Although when she was thirteen she loved the western historical romances in which a beautiful young white woman was kidnapped by a hostile Indian war party and forced to marry a handsome savage against her will and live happily ever after. But
the lurid western romance had fallen out of favor decades ago and she’d grown up. Being kidnapped and held hostage by a man wasn’t romance.
Kit opened the front door and stepped outside just as his boot hit the porch’s bottom step.
“Hi,” she said, voice slightly tremulous. She was nervous. This bad-boy, badass biker guy was on her doorstep and she didn’t know what he wanted. “How did you find me?”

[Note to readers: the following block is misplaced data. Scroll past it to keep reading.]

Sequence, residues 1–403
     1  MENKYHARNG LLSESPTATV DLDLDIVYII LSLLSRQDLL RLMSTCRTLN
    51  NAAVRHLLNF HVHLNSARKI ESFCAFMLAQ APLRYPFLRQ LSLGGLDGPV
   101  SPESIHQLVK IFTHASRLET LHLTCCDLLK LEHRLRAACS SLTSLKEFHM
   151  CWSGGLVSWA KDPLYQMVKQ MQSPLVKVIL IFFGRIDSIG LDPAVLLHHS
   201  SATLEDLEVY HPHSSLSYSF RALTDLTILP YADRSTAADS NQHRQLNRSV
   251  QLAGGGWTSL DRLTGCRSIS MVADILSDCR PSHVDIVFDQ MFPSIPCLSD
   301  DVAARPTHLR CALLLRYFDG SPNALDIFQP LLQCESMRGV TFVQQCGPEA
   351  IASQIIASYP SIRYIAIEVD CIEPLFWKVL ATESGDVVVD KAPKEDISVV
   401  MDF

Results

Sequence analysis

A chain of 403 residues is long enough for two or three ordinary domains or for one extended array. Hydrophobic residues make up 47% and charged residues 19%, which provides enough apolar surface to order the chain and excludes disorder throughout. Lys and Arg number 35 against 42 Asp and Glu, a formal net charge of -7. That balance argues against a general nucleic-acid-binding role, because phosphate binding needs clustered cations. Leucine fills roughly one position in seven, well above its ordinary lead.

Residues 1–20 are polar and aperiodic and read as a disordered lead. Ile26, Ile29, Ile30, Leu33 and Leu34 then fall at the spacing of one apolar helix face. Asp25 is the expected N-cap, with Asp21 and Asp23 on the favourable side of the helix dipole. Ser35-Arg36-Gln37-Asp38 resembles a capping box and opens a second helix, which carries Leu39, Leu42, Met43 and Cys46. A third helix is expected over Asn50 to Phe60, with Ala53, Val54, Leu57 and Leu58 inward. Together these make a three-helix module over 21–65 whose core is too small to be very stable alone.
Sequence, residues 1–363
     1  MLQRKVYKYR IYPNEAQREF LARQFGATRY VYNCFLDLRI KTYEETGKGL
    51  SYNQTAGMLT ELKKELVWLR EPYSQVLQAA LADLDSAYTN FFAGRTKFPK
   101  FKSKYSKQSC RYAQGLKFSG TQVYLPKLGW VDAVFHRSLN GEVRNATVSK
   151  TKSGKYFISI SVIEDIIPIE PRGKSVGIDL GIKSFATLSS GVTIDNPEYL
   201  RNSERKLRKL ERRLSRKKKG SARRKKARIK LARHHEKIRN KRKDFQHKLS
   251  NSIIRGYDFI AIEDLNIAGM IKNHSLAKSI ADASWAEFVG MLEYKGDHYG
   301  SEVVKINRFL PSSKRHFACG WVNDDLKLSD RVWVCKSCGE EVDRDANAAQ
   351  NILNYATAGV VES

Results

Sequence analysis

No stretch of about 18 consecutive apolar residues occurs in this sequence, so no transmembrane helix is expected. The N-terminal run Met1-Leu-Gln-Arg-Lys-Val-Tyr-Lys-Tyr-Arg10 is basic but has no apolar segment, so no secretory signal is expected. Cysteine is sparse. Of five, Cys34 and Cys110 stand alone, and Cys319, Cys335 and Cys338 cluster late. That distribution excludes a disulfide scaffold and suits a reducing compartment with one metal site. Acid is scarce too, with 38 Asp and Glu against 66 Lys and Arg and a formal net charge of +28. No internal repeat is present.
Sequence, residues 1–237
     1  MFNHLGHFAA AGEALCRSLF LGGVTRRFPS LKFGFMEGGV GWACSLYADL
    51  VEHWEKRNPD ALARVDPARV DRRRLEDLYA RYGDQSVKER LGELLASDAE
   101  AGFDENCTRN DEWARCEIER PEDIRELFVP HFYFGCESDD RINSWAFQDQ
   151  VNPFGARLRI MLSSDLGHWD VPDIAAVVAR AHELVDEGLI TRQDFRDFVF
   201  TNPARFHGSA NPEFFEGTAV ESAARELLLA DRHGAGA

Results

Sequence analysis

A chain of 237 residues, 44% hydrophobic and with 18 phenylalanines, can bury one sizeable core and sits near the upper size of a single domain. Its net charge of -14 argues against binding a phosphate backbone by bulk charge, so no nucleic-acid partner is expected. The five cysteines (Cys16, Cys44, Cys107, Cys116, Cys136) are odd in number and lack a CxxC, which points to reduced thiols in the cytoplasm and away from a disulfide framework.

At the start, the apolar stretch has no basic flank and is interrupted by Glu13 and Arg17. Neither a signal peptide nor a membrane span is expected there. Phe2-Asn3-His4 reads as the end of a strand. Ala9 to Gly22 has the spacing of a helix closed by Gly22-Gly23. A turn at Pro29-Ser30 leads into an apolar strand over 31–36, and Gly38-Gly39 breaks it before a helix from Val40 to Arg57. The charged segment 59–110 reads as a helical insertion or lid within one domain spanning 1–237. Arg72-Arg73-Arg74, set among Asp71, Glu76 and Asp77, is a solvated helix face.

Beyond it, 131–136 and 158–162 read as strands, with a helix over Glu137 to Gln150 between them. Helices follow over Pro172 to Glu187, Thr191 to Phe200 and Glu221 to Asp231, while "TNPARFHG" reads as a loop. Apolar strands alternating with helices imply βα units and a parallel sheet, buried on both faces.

“Wasn’t hard. I asked around. Apparently everyone knows the Brennan sisters.”
She didn’t know where to look, what to focus on—his black hair, his long nose, his unsmiling mouth. He had to have Native American blood because he was making her think of that whole
-Jacob-werewolf craze her students were into a couple of years ago. And her Twi-hards would have loved him.
“My family’s owned the house for years,” she said, not knowing what to say. He wasn’t helping things by standing so close to the door. His feet were planted wide on the porch and he took up space, sucking all the air and energy into him.